Max Reger's appointment to professor of composition anddirector of music at the University of Leipzig in 1907 brought confirmation ofhis position as a composer of significance, a distinguished conductor andperformer, as well as a teacher and academic of outstanding intellectual gifts.
Leipzig, however, had not been the first city to accord him academic honours;1906 had brought an honorary doctorate from Jena University, and Reger marked theoccasion with one of his finest works, the monumental setting of Psalm 100,Op 106.
That Reger's organ works gained rapid recognition was duein no small part to the pioneering advocacy of Germany's most celebratedorganist at the turn of the century, Karl Straube (1873-1950), the composer'sexact contemporary and one of his most robust supporters. Straube, Leipzig's Thomaskantor
from 1904 unti11923, gave the first performances of many of Reger's organworks, and of several of the finest of them, including the Fantasia, Op 27
and the Introduction, Passacaglia and Fugue, Op 127, which werededicated to him.
In 1911 Reger accepted the post of Music Director to DukeGeorg II of Saxe-Weimar. He conducted the legendary Meiningen Court Orchestrauntil its dissolution following the Duke's death in 1911. Reger's finest orchestralscores, among them the Symphonic Prologue to a Tragedy, Op 108, and the FourTone-Poems after Arnold Bocklin, Op 128, were composed for the renowned MeiningenOrchestra. Reger spent his remaining years in Jena, where he was able to renewhis interest in writing for the organ. Here he wrote a series of worksincluding
Thirty Short and Easy Chorale Preludes, Op 135a, NinePieces for Organ, Op 129, and his last organ composition, the SevenPieces, Op 145, of 1916. Max Reger died on 10th May 1916 of congestiveheart failure, having returned from a concert tour only the previous day.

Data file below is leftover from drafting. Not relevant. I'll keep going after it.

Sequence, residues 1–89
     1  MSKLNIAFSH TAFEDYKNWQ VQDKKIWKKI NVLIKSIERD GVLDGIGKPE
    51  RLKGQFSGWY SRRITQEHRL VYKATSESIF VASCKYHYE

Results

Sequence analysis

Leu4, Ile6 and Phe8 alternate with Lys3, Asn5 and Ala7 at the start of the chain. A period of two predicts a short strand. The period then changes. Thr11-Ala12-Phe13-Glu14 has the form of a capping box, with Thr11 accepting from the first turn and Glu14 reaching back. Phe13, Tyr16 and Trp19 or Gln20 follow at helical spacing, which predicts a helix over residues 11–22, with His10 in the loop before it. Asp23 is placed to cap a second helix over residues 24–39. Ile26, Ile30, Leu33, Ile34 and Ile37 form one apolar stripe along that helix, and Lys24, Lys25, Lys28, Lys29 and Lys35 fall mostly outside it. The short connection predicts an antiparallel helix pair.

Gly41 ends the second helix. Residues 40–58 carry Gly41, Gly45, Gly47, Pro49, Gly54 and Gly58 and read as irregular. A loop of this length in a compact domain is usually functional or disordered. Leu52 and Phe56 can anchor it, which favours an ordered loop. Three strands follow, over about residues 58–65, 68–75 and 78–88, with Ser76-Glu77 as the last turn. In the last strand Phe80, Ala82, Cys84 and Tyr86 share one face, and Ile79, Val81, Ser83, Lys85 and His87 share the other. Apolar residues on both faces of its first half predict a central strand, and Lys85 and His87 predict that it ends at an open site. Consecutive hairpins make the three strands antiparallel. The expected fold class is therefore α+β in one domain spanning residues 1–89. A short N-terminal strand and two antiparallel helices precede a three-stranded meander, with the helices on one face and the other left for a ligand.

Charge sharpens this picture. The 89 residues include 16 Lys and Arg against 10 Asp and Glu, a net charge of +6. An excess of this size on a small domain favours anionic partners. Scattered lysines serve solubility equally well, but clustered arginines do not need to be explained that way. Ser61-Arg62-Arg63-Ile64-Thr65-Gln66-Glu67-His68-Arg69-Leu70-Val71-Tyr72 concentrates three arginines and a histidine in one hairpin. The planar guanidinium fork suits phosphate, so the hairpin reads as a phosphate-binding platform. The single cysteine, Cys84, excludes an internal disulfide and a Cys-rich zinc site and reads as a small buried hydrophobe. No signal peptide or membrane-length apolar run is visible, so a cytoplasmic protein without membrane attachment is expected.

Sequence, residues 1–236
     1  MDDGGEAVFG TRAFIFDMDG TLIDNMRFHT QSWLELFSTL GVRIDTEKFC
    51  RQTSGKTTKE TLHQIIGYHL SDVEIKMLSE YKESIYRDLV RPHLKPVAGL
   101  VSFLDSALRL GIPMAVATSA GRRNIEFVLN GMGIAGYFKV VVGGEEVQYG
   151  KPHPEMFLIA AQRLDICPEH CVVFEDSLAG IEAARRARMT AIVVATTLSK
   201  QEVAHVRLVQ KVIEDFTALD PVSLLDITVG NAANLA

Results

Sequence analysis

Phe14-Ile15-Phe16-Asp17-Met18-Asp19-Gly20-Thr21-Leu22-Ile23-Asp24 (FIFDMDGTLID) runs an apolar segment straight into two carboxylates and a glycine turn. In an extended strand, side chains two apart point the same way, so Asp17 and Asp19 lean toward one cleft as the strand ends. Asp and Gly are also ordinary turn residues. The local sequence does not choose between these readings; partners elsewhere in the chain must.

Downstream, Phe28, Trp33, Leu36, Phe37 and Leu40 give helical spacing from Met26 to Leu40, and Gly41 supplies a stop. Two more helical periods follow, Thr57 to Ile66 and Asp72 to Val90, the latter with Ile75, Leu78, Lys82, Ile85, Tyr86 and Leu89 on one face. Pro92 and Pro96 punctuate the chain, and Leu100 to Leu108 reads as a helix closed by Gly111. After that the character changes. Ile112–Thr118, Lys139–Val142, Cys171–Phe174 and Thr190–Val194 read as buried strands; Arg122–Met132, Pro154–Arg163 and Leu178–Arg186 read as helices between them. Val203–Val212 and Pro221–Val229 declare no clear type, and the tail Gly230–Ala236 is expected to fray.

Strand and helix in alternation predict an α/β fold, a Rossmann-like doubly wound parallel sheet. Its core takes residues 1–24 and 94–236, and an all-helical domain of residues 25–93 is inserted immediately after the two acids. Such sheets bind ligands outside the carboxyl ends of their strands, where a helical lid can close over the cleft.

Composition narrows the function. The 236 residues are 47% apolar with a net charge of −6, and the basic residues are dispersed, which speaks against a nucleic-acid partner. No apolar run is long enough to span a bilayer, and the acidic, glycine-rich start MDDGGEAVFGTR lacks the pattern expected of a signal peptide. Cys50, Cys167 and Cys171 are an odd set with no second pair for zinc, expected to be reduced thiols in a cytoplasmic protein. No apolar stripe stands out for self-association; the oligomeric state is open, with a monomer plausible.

Reger's Ten Pieces for Organ, Op 69, were writtenin 1903, and were first performed by Walter Fischer in Berlin on 4th March1904. Several pieces from the set, published in Leipzig in 1903 in two volumes,were 'recorded' by Reger himself, using the newly developed Welte-Mignon playerorgan system. As Dr. Gwilym Beechey's authoritative account suggests, theindividual pieces are conceived on a more lavish scale than those of the Opp59 and 65 sets, and several were clearly intended to be performed intandem; these include the Prelude and Fugue in E minor (Nos. 1 and 2 ofVolume I), the magnificent Toccata and Fugue in D major, and the Preludeand Fugue in A minor, Nos. 6 and 7 and Nos. 9 and 10 respectively of VolumeII. The D major Fugue offers a striking theme worked out using strettoand inversion techniques, whilst the last piece in the set, the Fugue in A minor,displays a certain kinship with the B flat minor Fugue of the secondbook of Bach's 48 Preludes and Fugues. Reger's fugue, based on theprinciples of the seventeenth century Ricercar, is in five parts, withno secondary fugal subject, and a modestly proportioned final stretto. Theremaining pieces are of varied origin and idiom, and include a delightful MomentMusical in D major, No 4, and an eloquent Romanze in G minor, No 8. TheFour Preludes and Fugues, Op 85, of which the first three are included onthis recording, date from 1904. The organist Wolfgang Dallmann gave the firstperformance in December of that year, and the first published edition by Petersappeared in 1905. In common with Reger's Twelve Pieces, Op 80